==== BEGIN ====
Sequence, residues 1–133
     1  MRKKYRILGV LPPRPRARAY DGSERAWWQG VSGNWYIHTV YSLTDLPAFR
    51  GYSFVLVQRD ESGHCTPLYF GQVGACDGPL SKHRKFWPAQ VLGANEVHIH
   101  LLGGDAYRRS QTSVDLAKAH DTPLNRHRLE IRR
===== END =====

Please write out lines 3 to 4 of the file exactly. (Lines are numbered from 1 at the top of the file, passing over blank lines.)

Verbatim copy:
    51  GYSFVLVQRD ESGHCTPLYF GQVGACDGPL SKHRKFWPAQ VLGANEVHIH
   101  LLGGDAYRRS QTSVDLAKAH DTPLNRHRLE IRR